After years of reading, I’ve come to the conclusion that I don’t do sci-fi where I have to figure lots of things out (Blood Red Road, I’m looking at you). This just barely scrapes into that category. The wording made this exhausting to read, even for such a short book, and I never felt attached to the characters or to the story. The descriptions, while certainly valiant efforts, fell flat, and this world wasn’t too compelling for me.

The ending does leave you thinking, and I want to say that I can see a few adults enjoying this, no one particularly comes to mind. While this had some interesting concepts, it’s not one that I would recommend. If you’re looking for a reasonably middle-grade sci fi, go for M.T. Anderson’s Feed. 2 stars.

pg count for the hardback: 224

Review: What We Found in the Sofa and How it Saved the World by Henry Clark

what we found in the sofa and how it changed the world and how it saved the world by henry clark review

When River, Freak, and Fiona discover a rare zucchini-colored crayon between the cushions of a mysterious sofa at their bus stop, they quickly find themselves in the middle of an evil plot to conquer the world! The plot’s mastermind, Edward Disin, is responsible for starting the underground coal seam fire that continually burns just beyond the kids’ backyards, a dastardly cover-up for an intergalactic portal that will soon transport an army of invaders to Earth.
Disin’s only weakness is his otherworldly obsession with the zucchini crayon–and he knows the kids have it. But with the help of an eccentric neighbor, an artificial intelligence in the form of a double-six domino, a DNA-analyzing tray, two hot air balloons, and a cat named Mucus, three kids from the middle of nowhere might be able to save the planet.
Henry Clark’s dazzling debut middle grade novel is a thoroughly original, unabashedly wacky, and surprisingly affecting story about the importance of intelligence and curiosity in a complacent world.

Description taken from Goodreads.


There was almost nothing truly endearing about this book. In recent years, it’s been popular to have the wacky children’s and middle grade books, and many are actually good reads, but at the same time, many of them are way too out-there, even for kids. I could hardly stand reading this novel because I couldn’t even take it seriously.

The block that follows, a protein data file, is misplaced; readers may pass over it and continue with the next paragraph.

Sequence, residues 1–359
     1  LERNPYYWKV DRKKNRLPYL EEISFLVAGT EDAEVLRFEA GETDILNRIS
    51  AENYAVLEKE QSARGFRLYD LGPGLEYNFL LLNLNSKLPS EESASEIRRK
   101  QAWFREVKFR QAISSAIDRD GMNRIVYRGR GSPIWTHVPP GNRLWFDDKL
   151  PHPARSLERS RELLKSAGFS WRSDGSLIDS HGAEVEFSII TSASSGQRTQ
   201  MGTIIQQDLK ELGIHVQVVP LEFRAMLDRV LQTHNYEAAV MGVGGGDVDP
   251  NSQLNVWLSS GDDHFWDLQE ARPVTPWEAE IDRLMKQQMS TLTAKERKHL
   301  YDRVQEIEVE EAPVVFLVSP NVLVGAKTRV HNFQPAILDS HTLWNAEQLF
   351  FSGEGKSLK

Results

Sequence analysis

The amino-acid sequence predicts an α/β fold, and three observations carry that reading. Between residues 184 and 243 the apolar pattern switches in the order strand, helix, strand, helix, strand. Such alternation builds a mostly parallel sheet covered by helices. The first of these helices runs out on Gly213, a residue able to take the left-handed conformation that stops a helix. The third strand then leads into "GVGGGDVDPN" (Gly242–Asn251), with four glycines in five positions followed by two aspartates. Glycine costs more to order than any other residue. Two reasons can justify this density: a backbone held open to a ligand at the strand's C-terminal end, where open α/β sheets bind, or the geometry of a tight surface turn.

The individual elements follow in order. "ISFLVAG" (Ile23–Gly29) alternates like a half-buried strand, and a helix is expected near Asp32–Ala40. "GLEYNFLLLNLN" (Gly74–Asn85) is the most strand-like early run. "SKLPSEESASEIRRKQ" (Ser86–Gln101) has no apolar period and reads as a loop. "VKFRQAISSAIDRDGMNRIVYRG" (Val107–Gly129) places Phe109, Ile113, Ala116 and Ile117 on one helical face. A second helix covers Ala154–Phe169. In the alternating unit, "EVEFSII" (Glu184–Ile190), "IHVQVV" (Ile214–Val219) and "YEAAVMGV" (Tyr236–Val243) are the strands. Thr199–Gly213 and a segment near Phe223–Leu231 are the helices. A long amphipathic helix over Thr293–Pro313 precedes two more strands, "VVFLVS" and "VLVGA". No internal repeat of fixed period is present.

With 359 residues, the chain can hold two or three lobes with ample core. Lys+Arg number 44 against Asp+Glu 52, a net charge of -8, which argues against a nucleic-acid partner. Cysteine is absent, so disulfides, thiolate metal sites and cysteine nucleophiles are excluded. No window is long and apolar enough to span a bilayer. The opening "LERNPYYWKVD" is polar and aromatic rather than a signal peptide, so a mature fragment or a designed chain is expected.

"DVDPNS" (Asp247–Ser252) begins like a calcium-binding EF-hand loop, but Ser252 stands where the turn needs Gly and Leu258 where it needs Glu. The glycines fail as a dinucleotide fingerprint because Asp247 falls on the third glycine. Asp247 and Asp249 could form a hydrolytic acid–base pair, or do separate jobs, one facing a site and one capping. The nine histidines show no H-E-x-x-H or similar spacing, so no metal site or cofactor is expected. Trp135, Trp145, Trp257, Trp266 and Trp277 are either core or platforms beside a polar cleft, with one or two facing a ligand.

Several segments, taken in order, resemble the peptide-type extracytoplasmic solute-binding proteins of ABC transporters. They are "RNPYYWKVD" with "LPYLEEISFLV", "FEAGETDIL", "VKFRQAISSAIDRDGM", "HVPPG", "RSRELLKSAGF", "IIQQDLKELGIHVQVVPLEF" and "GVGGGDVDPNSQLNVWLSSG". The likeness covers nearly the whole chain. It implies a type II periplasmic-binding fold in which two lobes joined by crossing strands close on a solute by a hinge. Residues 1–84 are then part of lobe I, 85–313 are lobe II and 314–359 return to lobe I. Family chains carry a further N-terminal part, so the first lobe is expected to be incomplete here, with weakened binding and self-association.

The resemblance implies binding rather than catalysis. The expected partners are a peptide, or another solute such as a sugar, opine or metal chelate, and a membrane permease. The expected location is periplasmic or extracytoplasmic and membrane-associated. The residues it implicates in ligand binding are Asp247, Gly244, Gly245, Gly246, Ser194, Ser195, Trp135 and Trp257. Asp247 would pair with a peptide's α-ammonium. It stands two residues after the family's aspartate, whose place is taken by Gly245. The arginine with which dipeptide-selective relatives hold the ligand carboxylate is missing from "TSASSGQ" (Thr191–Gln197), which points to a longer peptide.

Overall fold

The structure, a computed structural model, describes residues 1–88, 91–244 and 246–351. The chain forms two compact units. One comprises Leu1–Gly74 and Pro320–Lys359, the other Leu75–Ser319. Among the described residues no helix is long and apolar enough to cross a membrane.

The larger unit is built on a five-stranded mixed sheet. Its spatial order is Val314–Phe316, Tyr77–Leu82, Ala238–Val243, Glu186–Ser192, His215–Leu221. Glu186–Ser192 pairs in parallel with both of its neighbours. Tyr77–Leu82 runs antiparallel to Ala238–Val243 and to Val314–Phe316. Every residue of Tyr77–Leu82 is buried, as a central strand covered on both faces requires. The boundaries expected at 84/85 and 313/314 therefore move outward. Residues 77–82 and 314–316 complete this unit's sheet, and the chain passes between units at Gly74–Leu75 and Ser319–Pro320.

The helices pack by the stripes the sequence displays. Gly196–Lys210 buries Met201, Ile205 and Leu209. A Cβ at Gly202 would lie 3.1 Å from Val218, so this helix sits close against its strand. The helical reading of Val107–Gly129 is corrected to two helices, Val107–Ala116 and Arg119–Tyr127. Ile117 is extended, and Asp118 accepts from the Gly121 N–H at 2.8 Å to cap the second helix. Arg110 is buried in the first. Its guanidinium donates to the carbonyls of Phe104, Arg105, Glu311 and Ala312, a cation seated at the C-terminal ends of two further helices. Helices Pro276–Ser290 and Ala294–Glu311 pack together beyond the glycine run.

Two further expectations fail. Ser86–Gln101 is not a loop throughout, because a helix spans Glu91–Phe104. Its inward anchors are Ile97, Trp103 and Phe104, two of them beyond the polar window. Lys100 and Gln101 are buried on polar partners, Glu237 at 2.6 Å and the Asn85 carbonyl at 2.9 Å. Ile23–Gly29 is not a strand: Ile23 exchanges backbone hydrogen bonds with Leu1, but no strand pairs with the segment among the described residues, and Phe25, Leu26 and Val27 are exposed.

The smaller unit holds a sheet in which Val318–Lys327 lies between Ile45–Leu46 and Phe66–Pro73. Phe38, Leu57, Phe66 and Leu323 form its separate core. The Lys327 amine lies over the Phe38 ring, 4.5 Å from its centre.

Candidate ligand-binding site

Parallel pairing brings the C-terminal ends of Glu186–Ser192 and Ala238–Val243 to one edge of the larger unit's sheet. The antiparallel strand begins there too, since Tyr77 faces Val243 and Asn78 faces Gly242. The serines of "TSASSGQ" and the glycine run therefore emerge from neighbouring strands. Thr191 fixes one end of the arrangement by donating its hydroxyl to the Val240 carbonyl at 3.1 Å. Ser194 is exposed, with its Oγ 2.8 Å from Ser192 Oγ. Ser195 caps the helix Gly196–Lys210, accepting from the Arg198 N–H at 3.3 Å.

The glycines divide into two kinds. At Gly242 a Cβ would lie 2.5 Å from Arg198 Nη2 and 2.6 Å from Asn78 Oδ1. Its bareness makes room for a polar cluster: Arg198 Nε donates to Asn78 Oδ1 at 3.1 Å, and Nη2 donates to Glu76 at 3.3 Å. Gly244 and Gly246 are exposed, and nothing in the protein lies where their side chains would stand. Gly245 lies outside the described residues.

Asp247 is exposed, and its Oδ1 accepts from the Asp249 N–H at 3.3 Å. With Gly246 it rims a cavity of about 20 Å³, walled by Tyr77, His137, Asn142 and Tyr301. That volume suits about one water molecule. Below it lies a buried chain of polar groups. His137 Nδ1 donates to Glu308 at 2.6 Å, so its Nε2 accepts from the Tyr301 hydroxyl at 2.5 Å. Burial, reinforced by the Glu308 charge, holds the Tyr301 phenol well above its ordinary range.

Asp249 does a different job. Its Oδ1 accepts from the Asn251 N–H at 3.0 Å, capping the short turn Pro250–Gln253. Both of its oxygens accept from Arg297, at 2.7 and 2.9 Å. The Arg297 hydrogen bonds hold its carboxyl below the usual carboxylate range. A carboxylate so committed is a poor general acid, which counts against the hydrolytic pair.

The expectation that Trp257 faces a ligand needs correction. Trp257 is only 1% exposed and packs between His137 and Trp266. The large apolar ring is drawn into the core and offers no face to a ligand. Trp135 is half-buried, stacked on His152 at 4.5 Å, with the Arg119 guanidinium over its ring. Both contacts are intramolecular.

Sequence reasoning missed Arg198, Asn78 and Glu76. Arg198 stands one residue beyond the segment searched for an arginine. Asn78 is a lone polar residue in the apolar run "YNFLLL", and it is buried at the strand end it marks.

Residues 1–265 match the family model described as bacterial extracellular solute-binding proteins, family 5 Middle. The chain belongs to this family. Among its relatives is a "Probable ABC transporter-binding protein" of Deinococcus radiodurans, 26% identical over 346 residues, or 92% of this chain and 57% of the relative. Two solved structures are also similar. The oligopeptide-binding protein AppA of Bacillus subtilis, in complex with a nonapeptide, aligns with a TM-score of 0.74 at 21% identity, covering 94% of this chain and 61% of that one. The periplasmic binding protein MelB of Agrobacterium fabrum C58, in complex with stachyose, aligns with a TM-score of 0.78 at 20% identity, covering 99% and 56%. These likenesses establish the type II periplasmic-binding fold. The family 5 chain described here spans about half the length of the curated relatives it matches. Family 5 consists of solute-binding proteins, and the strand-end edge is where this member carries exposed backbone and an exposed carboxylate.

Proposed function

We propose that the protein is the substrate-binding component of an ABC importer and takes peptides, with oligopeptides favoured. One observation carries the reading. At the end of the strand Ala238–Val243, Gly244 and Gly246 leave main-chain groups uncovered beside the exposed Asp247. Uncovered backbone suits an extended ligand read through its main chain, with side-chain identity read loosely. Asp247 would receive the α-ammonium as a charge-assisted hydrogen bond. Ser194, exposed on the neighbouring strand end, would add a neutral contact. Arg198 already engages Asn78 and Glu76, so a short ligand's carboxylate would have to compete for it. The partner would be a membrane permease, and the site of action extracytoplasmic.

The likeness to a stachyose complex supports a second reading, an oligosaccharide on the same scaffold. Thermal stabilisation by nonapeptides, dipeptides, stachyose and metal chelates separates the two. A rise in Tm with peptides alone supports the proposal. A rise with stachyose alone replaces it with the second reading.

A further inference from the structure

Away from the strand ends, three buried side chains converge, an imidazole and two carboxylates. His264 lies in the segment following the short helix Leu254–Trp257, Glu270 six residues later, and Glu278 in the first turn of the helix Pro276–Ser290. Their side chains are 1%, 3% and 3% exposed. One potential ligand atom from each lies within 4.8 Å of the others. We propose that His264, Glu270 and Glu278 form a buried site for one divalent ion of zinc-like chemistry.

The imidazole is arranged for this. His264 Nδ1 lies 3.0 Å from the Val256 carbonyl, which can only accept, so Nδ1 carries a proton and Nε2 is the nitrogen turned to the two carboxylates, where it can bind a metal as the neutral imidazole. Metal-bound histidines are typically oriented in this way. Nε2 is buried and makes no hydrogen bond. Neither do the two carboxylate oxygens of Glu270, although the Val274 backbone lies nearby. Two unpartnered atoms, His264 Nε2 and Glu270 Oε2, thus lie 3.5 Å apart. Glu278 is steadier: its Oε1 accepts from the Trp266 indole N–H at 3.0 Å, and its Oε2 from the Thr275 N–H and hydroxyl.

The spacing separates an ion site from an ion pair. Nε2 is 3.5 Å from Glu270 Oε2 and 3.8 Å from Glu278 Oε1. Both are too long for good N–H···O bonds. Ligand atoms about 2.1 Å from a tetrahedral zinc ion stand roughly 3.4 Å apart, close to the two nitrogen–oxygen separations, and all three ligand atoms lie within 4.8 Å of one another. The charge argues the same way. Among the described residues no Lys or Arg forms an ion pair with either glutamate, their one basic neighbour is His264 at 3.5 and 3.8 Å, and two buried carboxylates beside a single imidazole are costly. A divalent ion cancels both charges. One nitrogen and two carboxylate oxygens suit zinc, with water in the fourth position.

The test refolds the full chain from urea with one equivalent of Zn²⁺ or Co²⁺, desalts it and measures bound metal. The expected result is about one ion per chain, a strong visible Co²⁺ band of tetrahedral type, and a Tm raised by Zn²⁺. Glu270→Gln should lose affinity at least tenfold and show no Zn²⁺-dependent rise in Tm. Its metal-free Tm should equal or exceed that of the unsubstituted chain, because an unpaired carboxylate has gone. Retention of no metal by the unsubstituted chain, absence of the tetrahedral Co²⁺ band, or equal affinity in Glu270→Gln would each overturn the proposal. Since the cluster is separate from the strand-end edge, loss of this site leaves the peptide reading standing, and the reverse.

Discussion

Admittedly, there were some good lines within this book. The humor got better steadily throughout the novel, but the plot and characters continued to lose me. The second that I started to like a certain character, a plot element would come in that was just too ridiculous for words. There was so much potential to the narration and the plot, but this story didn’t work out for me.

If you’re looking for an eccentric read, A Tangle of Knots, The Wig in the Window and The Mysterious Benedict Society are great stories with amazing writing, complex characters and good plot without being too much in the weird department. 1 star.

pg count for the hardback: 368

Tweens Read Too’s Best Books of the Year!

tweens read too best books of the year

After a long year of great and not-so-great middle-grade reads, it’s all come down to ten books that are my favorite middle-grade books of 2015! My best books of the year aren’t just books that I really enjoyed, but they’re also books that remained in my mind long after reading them. Check out my picks below, and if you have a list of your own, be sure to link below and I’ll check it out. My YA best books of the year are on The Silver Words.

tweens read too best books of the year 1

tweens read too best books of the year 2

Thanks to the publishers that made it possible for me to hold authors, events and pre-release reviews this year on Tweens Read Too (special shoutout to Sourcebooks Fire and Heather Moore!) and the authors whose books I got to read this year. I’ll have a post on Tweens Read Too’s stats this year later on!

Review: Flight Volume 1 by Kazu Kibuishi

flight volume 1 by kazu kibushi

Flight Volume One features stories by professionals and non-professionals alike, all playing on the theme of flight in its many incarnations. From the maiden voyage of a home-built plane to the adventures of a young courier and his flying whale to a handful of stories about coming of age and letting things go, this first volume of Flight is full of memorable tales that will both amaze and inspire.